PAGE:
Mezcal, Farrera tells us, “is like riding a horse. Make friends with the horse. Take your time so you don’t fall off.” It’s sage advice, as this is potent stuff. But in Mexico this is a drink for big celebrations – eventually you will fall off the horse.

Farrera is joined by Anthony Rodgers from Jervois Rd Wine Bar & Kitchen. Hailing from Colorado, he’s as mezcal mad as Edmundo, revelling not only in its flavour complexities but also the zip you get from agave-based spirits. “All the other things we drink are depressants, whereas this is a positive psychotropic. It’s a stimulant. Cocaine, not weed, if you will,” he explains. Should become very popular in Auckland then. (There is a fair amount of scepticism around the veracity of the psychotropic claim, but it’s a good line nonetheless.) 

The three mezcals we tried: Marca Negra Espadin, Gracias a Dios Tepextate and Derrumbes San Luis Potosi (Photo: Emily Raftery)

We move on to Gracias a Dios Tepextate, a heady drop that has a finish that lingers on the palate for minutes. Mezcal appreciator and world is fukt expert Julie Hill thinks it smells of Sharpie pens. She is so ‘on the nose’ with this tasting note that it almost breaks the mezcal spell I am under.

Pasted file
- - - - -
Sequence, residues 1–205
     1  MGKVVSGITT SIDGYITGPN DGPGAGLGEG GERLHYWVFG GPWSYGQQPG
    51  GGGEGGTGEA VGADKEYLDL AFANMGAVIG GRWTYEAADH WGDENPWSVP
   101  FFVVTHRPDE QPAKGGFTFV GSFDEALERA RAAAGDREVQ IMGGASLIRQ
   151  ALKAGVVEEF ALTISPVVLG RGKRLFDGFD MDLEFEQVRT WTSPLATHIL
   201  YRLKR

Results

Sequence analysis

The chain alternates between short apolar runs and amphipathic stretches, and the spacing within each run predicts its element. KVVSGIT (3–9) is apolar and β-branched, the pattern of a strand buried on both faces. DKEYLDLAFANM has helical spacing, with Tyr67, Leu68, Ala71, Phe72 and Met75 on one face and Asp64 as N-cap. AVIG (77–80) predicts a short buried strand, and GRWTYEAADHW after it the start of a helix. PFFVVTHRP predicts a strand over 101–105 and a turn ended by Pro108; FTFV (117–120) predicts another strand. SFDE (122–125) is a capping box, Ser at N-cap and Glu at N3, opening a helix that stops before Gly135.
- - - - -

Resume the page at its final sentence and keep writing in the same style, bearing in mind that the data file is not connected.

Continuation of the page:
Luckily the velvet timbre of Farrera’s voice is still weaving its magic. Mezcal, he explains, is aged in glass, clay or stainless steel. Not in the flavour-imparting woods used for those popular amber reposado and anejo tequilas. “Wood and the blue agave of tequila is perfect, delicious. In mezcal it just interrupts the flavour spiral.” I’m not sure whether to believe him but Farrera also tells us that it is often aged in cemeteries then opened on cinco de mayo (not so coincidentally the date of our not-serious mezcal drankin’). Spirits indeed.

There were snacks too (Photo: Emily Raftery)

Feeling spooked by the graveyard juice and a touch buzzed, the crowd loosens up and joins in. Unlike beer and wine panels I have attended in the past, people are joining in informally. It naturally drifts into actual chats.

The third and final mezcal is Marca Negra Espadin. At this point I am in the flavour spiral. I am loving it. The whole event has actually been not serious. It’s been fun. The speakers are total boss-level experts but not condescending or over-explainy. Maybe Not Serious Wine Chats has actually found a way to talk about these luxury drinks without being boring. Maybe I could learn a thing or two about how to be into stuff, but not act like a snobby dork. These thoughts evaporate like spirits into the air as I stumble into the Auckland CBD wondering if I have made friends with mezcal or if I have fallen off the horse.

For more on mezcal, listen to the latest episode of Dietary Requirements